Adrenocorticotropic hormone is a hormone produced by the pituitary gland (ACTH). The adrenal cortex is subsequently stimulated by ACTH to create its hormones. Common reasons for insufficient pituitary hormone production include benign pituitary tumors, inflammation, and previous pituitary surgery.
Even if your adrenal glands themselves are unharmed, too little ACTH can result in too little of the glucocorticoids and androgens that your adrenal glands typically generate. Secondary adrenal insufficiency is what this is. Too little ACTH does not influence mineralocorticoid production.
Most secondary adrenal insufficiency symptoms are interchangeable with basic adrenal insufficiency symptoms. However, those with secondary adrenal insufficiency don’t have hyperpigmentation and have a lower risk of having low blood pressure or severe dehydration. They are more susceptible to low blood sugar.
When persons who take corticosteroids (like prednisone) to treat long-term diseases like arthritis or asthma quit taking them abruptly rather than weaning off, it might temporarily result in secondary adrenal insufficiency.
Autoimmune illnesses are frequently co-occurring in people with Addison’s disease.
Although it is impossible to prevent Addison’s illness, there are things you may do to avert an Addisonian crisis:
- If you consistently feel weak or exhausted or if you’re losing weight, consult your doctor. Inquire about your adrenal fatigue.
- Ask your doctor for advice on what to do while you’re ill if you have Addison’s disease. You might need to figure out how to up your corticosteroid dosage.
- Go to the emergency hospital if you feel unwell, especially if you are vomiting and unable to take your prescription.
Because they are aware that similar adverse effects happen in patients who use hydrocortisone or prednisone for other conditions, some Addison’s disease sufferers worry about major side effects from these medications.
The negative effects of high-dosage glucocorticoids should, however, be avoided if you have Addison’s disease because the dose you are administered is making up for the lost quantity. To ensure that your dose is appropriate, follow up with your doctor frequently.
Medication is used in every aspect of Addison’s disease treatment. To restore the levels of steroid hormones your body isn’t making, hormone replacement therapy will be administered to you. Moreover, medications can be easily accessed through free medication delivery. Among the therapy, possibilities are oral corticosteroids like:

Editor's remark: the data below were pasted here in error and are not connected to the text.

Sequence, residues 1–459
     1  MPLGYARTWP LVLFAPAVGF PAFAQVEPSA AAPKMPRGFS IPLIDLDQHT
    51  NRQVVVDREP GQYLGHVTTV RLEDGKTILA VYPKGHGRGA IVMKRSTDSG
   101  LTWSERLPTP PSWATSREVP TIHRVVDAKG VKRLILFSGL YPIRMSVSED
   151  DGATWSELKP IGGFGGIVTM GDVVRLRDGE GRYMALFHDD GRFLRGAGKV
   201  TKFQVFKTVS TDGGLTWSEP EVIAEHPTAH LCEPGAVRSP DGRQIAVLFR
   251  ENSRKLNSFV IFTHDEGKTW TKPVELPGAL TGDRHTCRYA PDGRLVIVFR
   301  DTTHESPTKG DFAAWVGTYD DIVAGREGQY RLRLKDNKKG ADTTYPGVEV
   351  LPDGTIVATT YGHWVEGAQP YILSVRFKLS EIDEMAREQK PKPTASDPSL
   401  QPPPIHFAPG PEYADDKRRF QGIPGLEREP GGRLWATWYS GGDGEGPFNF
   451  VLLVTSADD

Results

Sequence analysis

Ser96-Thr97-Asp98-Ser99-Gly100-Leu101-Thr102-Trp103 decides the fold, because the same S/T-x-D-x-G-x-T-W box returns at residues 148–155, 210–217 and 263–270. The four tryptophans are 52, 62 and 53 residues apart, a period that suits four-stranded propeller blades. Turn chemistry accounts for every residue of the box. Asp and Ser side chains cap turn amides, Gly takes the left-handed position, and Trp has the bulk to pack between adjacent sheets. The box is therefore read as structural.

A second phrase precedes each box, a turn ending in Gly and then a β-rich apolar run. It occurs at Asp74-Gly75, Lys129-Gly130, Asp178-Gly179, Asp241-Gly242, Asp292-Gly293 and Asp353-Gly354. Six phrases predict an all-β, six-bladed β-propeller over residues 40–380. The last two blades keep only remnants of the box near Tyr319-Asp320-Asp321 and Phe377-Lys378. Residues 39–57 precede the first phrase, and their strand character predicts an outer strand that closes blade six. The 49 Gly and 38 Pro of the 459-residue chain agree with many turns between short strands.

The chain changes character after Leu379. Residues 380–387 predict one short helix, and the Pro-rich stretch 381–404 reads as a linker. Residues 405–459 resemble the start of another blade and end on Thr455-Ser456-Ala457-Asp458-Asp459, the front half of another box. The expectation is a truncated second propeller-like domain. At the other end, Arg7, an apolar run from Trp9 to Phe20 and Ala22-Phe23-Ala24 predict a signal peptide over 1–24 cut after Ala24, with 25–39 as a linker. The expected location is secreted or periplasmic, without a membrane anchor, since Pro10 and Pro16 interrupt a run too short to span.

- To replace cortisol, use hydrocortisone (Cortef), prednisone, or methylprednisolone. To replicate the natural 24-hour fluctuation of cortisol levels, these hormones are administered on a timetable.
- Fludrocortisone acetate to replace aldosterone.
You should consume a lot of salt (sodium) in your diet, particularly while engaging in strenuous activity, when the temperature is high, or if you are experiencing digestive issues like diarrhea.
Additional suggestions for therapy include:
- Always keep a medical alert card and bracelet on you. Emergency medical staff will be informed about the type of care you require if you have a medical alert identity card and a steroid emergency card. Have a documented action plan as well.
- Have additional medicine on hand. Keep a little supply of your medication on hand at work and whenever you travel because skipping even one day of treatment might be harmful.
- Carry an injectable kit for glucocorticoids. A needle, syringe, and injectable corticosteroid form are included in the package for usage in an emergency.
- Keep in touch with your physician. Maintain a regular line of communication with your physician to ensure that the doses of replacement hormones are sufficient but not excessive. You might need to change the dosage or timing of your drugs if you’re experiencing persistent issues with them.
- Have yearly examinations. At least once a year, visit your physician or an endocrinology expert. Annual screening for a variety of autoimmune illnesses may be advised by your doctor.
As a medical emergency, an Addisonian crisis is often treated with intravenous injections of:
- Saline solution
- Sugar (dextrose)